Maybe. But I tend to agree with Mark Twain, who is reported to have said, “History rarely repeats itself, but it very often rhymes.
Think about our day and culture. Is this an age of change? Do we live in a time of political, religious and moral uncertainty, when there are people all around us who have conflicting claims about what is true and what is right? Do you have to make decisions every single day about how to use your time, your energy, your technology – that would mystify your grandparents? If so, you have more in common with the folks in Britain in the 17th century than you thought.
And you do. Thus, it would behoove us to consider the truths discovered by those divines so many years ago – not because they will exactly match our situation, but because they are a part of the Body of Christ that has gone through this, and we can learn something from them.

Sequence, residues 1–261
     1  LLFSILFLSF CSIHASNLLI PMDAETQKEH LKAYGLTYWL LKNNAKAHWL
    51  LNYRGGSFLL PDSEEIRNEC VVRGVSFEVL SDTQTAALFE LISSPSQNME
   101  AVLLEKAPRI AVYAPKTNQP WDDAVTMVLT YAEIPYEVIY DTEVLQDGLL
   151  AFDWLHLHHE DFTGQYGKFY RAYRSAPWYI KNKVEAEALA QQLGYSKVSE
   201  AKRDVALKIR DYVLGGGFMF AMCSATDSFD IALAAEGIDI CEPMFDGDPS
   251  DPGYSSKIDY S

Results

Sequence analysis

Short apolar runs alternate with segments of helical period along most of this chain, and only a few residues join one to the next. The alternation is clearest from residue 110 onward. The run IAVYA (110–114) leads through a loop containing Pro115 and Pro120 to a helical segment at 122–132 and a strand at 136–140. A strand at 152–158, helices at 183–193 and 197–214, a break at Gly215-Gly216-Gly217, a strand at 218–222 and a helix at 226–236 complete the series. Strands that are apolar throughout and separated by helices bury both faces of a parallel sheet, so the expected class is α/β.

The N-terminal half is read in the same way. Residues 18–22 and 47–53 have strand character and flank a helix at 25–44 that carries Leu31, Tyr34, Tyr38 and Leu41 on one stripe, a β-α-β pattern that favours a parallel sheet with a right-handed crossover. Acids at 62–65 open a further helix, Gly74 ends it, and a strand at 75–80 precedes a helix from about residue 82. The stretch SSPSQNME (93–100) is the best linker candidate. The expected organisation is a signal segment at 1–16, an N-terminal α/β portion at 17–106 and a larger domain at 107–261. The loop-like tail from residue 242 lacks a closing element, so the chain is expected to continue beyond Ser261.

What would it mean for our world, for instance, if we were to hold to a high view of the sovereignty of God? What if we took seriously the words of Psalm 24 – “The Earth is the Lord’s…”? When I talk about “the sovereignty of God”, what I mean is simply this: that every human, at every moment of our lives, is in a relationship with the Living God. There is no human who is not in the Divine Image; there are no people who are outside of God’s care. No one is alone. No one is cast off. God cares about where we’ve been, and about what we do. And, as Christians, we are learning to look to Jesus to discover what it means to live under the rule of God. We receive our identities and live into the world that God has created and defined.